MSN has partnered with The Points Guy for our coverage of credit card products. MSN and The Points Guy may receive a commission from card issuers.
Travel flexibility is more important than ever during the coronavirus pandemic. Country by country and even state by state restrictions can change on a dime, so being able to cancel or change your award flight or hotel night is a huge benefit. Thankfully, most travel companies have already modified change policies in response to the pandemic, but some are still better than others.
In this article, I’ll walk you through the most flexible loyalty programs. For this article, we’ll define “flexible” as programs that let you cancel tickets at the last minute without pay a fee. Here, I’ll focus on travel companies that have the best ongoing change and cancellation policies, but I’ll mention their coronavirus policies too. Use this information to find the best miles to use for your next redemption.
Let’s get started!
New to The Points Guy? Sign up for our daily newsletter and check out our beginner’s guide.
In This Post
The most flexible airline miles
Airlines have had a long history of charging huge change fees on award travel — thankfully, that’s starting to change. Here’s a quick look at the most flexible airline miles. Each of these has pros and cons, so read through each option to find which is best for your travel needs. We’re focusing on standard (i.e., not coronavirus) cancellation policies. All of these airlines have extended coronavirus cancellation policies as well.
Southwest Rapid Rewards — the best of the best
Travel flexibility and Southwest go hand in hand. For years, the airline has boasted no change or cancelation fees on all paid and award tickets.
Award tickets can be canceled up to 10 minutes before departure. If you pay with points, they are refunded to your Rapid Rewards account when you cancel. This is especially useful if a flight’s cost goes down — change to the lower-priced flight and you’ll get the price difference back. Check your Southwest bookings regularly to see if you’re eligible for a partial refund.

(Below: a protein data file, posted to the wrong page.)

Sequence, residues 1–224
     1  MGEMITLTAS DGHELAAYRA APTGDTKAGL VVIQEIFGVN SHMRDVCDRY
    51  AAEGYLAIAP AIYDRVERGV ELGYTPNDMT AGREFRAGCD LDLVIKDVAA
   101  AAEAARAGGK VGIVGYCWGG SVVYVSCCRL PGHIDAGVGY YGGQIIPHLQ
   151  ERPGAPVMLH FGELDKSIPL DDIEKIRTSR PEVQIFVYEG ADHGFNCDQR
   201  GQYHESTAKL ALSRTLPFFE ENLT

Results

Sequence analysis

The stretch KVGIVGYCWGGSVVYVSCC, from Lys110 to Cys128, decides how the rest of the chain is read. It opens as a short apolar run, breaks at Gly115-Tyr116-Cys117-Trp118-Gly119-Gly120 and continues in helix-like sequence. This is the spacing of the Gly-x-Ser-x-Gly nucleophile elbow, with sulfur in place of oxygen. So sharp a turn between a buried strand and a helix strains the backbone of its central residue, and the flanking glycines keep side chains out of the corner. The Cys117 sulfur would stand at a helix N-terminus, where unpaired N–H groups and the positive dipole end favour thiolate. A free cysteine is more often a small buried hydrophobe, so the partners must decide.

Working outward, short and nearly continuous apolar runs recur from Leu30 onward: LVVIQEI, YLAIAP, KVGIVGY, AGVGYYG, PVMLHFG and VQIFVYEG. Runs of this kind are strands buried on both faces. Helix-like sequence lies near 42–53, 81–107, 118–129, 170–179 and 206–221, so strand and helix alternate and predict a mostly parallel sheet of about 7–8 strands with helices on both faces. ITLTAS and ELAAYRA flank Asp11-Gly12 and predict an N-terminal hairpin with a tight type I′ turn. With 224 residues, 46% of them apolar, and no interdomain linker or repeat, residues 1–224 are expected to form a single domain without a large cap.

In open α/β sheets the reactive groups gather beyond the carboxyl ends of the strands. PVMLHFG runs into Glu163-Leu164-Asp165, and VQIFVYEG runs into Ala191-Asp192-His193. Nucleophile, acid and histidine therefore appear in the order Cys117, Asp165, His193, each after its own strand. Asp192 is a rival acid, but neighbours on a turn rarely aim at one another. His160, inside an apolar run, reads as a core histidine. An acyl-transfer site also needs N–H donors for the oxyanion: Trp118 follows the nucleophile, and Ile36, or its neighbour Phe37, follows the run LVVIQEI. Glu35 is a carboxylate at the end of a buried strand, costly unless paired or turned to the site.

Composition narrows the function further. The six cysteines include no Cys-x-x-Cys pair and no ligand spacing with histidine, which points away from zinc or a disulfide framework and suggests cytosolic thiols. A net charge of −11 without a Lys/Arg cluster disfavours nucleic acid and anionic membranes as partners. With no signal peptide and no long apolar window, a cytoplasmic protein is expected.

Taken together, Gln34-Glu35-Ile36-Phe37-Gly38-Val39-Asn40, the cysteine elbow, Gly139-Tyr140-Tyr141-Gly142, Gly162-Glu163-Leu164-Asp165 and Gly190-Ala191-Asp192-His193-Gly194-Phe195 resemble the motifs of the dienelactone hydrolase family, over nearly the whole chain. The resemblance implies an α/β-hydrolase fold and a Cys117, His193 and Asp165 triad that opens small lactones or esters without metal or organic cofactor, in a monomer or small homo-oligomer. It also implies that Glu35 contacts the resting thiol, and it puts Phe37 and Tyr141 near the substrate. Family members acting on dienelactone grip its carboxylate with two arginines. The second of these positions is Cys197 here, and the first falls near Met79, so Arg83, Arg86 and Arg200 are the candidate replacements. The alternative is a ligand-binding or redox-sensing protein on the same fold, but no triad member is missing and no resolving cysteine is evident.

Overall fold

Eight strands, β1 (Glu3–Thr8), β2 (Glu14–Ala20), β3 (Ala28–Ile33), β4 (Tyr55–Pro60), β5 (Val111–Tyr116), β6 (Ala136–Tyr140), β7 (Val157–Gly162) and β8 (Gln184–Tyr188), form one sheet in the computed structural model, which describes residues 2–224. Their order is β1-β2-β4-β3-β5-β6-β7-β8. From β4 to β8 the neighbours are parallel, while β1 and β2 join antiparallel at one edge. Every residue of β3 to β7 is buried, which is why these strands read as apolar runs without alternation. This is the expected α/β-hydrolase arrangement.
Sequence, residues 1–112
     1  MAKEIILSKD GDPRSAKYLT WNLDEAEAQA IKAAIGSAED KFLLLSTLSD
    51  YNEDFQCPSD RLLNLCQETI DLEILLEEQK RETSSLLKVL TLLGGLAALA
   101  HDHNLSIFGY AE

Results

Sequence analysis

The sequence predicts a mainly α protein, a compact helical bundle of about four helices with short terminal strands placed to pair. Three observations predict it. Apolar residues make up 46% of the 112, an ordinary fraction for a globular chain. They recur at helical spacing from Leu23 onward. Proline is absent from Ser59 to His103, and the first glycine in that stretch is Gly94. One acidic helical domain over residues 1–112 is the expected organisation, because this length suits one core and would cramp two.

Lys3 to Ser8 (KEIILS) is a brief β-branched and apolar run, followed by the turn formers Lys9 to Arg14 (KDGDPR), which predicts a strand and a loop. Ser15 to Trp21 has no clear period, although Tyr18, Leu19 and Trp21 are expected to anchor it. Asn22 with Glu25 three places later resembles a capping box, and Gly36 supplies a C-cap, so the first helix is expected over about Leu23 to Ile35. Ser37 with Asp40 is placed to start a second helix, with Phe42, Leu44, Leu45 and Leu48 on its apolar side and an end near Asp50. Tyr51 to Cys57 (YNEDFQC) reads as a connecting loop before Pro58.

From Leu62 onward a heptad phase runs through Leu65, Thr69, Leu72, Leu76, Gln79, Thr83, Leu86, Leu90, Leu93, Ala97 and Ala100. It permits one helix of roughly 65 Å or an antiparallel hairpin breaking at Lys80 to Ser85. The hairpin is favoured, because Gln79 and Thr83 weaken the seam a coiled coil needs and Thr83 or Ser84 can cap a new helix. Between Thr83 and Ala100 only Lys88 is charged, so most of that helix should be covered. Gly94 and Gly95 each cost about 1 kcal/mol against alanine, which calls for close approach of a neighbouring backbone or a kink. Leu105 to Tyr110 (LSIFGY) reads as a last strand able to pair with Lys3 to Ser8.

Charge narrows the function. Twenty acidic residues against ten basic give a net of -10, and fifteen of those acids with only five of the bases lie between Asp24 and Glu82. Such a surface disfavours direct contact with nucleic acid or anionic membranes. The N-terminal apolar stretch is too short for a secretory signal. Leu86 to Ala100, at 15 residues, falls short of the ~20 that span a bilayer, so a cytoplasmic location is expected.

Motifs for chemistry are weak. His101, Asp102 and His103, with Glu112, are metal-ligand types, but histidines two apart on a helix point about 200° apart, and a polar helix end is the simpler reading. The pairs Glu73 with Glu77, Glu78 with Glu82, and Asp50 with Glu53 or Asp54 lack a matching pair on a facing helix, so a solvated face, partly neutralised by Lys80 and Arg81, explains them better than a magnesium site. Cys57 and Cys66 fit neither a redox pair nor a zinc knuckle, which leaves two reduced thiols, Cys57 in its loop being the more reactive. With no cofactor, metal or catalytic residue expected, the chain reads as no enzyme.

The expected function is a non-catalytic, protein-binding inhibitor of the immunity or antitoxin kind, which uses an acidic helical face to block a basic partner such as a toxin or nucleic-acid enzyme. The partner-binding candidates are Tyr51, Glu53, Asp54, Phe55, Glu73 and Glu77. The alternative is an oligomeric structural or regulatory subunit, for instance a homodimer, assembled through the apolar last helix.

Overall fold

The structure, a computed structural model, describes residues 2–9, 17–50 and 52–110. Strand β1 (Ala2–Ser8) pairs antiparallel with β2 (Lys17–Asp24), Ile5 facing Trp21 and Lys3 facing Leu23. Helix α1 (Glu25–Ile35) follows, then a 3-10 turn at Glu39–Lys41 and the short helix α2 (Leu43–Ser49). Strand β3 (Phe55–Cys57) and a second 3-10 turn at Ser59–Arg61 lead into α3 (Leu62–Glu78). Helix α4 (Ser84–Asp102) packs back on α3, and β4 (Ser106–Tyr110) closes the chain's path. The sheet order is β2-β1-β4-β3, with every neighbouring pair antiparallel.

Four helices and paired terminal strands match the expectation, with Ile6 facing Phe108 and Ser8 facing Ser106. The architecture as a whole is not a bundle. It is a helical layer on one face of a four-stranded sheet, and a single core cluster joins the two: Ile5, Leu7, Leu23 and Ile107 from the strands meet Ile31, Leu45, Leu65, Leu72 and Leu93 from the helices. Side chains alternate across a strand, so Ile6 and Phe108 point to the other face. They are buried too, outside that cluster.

The same goes for cash bookings. You can change or cancel your flight at any time. If you cancel a flight, the cost is returned to you as Southwest travel credit. Alternatively, you’re only liable for paying the fare difference if you move to a more expensive flight.
Related: Second to none: Here’s what makes Southwest’s generous change policies so good
United MileagePlus — waived fees for domestic flights
United was the first of the Big 3 to remove change fees permanently. Even after the coronavirus pandemic is over, United will continue to allow customers to change or cancel domestic flights (both paid and award) for free. This includes flights to Peurto Rico and the U.S. Virgin Islands. This applies to both paid and award tickets. When you cancel an award flight, the miles are redeposited into your account.
Additionally, the airline will waive redeposit fees on international award flights canceled more than 30 days before departure. A $125 fee will apply to international award flights canceled within this 30-day window.
That said, you can change or cancel all award United flights through Dec. 31, 2020, free of charge, due to the coronavirus pandemic. This applies to all domestic and international flights, so there’s no risk in preemptively booking holiday travel during the pandemic.
Related: United permanently eliminates most change fees, adds free standby option
Delta SkyMiles — no change fees (for the most part)
Delta recently revamped its loyalty program to remove almost all change fees for award tickets. You won’t pay change fees for canceling and changing award tickets before departure. The only exclusion is basic economy tickets (including awards) — these are still not eligible for changes or cancelations. This permanent change applies to all domestic U.S. flights, including flights to Peurto Rico and the U.S. Virgin Islands.